The faces of the Dentons, father and son, greeted Alys with nearly identical expressions of fierce satisfaction upon her return to Termi.

"I hear you were successful," the Chief Marshal said. Since she'd stopped off at the undertaker to leave Val's corpse behind before reporting in, the news had had time to reach him. She swung up a heavy pack and dropped it on his desk with a thump.

"Here's his cache. There's a fair amount there, both valuables and meseta. You'll find whatever he stole from Ms. Jenson, and probably some things from other victims, too."

"That's something at least. I'm surprised, though, that you took the time to haul his body back to town."

"So am I. But it's proof that he really is dead, not that you'd doubt me but it looks good in an official record. And I guess I must be going soft, besides, because I thought he ought to get a decent burial."

"What?" burst incredulously from Ivor's lips. "A murdering sneak thief who cut down a defenseless girl who just happened to be in his way? The only thing he deserved was to be left for dead in the dust. I just wish you could have brought him back so I could have seen him dance on air."

"I wish I could have brought him back, too. Then I could have testified for him at the trial. Val might have been a sneak thief, and I'm pretty sure he's killed someone before somewhere since anyone that good with a knife has had experience using it, but he didn't kill Ms. Jenson. I knew it right away once the fight got going."

Ivor looked at Alys like she was a madwoman.

"I told you, I saw him there. I was as close as I am to you right now."

"I know. That's half of the reason why I know he's innocent. So should you, for that matter. I'm kicking myself for not guessing it before I left this building."

Ivor was about to say something, but his father held up a thick-fingered hand like a Native Motavian's paw without the fur to cut him off.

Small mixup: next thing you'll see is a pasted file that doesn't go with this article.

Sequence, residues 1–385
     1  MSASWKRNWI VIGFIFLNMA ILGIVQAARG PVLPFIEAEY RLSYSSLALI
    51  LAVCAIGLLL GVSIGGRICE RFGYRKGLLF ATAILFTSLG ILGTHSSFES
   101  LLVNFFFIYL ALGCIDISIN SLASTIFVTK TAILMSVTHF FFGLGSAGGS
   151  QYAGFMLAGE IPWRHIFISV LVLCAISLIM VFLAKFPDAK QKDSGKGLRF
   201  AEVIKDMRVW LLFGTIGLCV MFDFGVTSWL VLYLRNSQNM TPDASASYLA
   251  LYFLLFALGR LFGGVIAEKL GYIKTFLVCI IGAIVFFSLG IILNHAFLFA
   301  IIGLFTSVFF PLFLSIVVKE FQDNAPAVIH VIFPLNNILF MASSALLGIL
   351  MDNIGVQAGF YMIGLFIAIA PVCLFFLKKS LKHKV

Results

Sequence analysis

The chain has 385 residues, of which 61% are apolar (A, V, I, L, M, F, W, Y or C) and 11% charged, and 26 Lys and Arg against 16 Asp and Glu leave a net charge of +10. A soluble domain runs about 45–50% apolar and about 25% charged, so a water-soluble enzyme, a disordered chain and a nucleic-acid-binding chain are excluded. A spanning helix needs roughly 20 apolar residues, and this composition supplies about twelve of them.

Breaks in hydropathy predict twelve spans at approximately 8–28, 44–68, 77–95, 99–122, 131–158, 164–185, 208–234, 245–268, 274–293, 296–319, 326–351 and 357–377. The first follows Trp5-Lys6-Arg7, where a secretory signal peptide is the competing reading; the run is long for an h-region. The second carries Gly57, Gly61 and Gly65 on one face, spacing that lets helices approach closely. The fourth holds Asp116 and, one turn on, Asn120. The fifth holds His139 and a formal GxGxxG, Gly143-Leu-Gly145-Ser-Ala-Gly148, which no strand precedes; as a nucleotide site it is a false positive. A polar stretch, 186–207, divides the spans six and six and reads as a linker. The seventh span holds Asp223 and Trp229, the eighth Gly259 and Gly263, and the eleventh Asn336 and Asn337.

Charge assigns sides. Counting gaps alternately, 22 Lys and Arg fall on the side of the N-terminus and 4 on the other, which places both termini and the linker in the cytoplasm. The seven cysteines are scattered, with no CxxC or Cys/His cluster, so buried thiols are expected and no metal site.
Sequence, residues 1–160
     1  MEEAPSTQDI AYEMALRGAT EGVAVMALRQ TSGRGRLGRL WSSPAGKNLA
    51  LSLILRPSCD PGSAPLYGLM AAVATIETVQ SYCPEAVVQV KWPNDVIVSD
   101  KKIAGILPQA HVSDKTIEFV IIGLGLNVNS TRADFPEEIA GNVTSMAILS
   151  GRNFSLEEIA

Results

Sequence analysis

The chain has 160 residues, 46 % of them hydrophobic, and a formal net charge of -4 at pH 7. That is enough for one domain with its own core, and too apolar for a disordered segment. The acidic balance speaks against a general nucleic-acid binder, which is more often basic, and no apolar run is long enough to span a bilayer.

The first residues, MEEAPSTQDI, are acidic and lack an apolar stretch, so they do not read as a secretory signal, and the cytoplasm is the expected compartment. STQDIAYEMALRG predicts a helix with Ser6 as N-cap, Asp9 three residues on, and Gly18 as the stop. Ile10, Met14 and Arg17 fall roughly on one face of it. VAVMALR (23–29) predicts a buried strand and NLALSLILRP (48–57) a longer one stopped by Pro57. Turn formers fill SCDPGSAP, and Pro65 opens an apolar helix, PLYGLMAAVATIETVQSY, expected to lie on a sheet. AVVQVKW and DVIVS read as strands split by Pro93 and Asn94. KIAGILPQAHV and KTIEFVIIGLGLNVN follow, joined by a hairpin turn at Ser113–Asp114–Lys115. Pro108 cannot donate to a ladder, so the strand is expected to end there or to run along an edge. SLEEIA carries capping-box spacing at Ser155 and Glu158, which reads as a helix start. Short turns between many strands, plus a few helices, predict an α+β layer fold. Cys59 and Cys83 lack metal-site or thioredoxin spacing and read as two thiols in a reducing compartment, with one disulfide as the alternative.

"What do you mean, Alys?"

"Ivor, you told me that Barrett said he'd been waiting half an hour, right?"

"That's right."

"And that Mita said she was hit right after Barret gave her the message for Rilah?"

He nodded again.

"Well, there you have it. If Val had hit the housekeeper, why was he still there for you to find? Why wasn't he long gone? He'd searched the bedroom, yes, but that wouldn't take a skilled thief half an hour, and you didn't notice any damage in the front areas to indicate a more extensive search--unless you just didn't mention it."

Ivor shook his head.

"No, no, there weren't any signs of a search."

"There you go, then. If he'd knocked out Mita, then he shouldn't have been there a half-hour later, and if he didn't knock her out then I'd say that whomever did is more likely to be the killer."

The elder Denton nodded ponderously.

"It's suggestive, but not proof. Val might have stayed the whole time to make a careful search of the bedroom, or some other reason. He could even have been shaken by the murder and needed a few minutes to compose himself; people sometimes do. For that matter, Mita might have slipped, hit her head, and knocked herself out and that would have nothing to do with the killing at all, which would throw off your whole time analysis."

"Those are good points," Alys agreed. "Like I said, that's only half of the reason I know he didn't do it. By itself, it's just fishy."

"So what's the other half?" Ivor challenged.

"The death wound was one stab down into the heart, right? That means an overhand strike, like this." She picked up a pen off Denton's desk and mimed plunging it down into Ivor's chest. "Right?"

"Exactly right," said the Chief Marshal.

Alys flipped the pen back onto his desk.

"You've been keeping the peace here pretty long," she said to him, "so I'm sure you've seen plenty of knife fights and stabbings. Did you ever see anyone who knew how to use a knife stab somebody that way?"

"No," Denton said, comprehension dawning. "No, I haven't."

"Right. It's a natural move, but a bad one. A knife-fighter stabs low; it's harder to block and there aren't any of those pesky ribs to get in the way of the blade. Only someone who doesn't train with a knife, doesn't use one regularly in fighting, stabs overhand. Val ran from you, Ivor, so you didn't get a chance to fight him, but I did, and he definitely knew what he was doing with a knife, enough to give me trouble. That's why he's dead now, because he was good enough that I couldn't just disarm and capture him but not good enough to actually beat me."

"Maybe he wanted it to look like someone else had done it, someone unskilled," suggested Ivor.

Alys snorted, expressing her opinion of that idea.

"Why on Motavia would he have done that? Nobody thinks that way if they have to quickly kill someone who's discovered them robbing their house."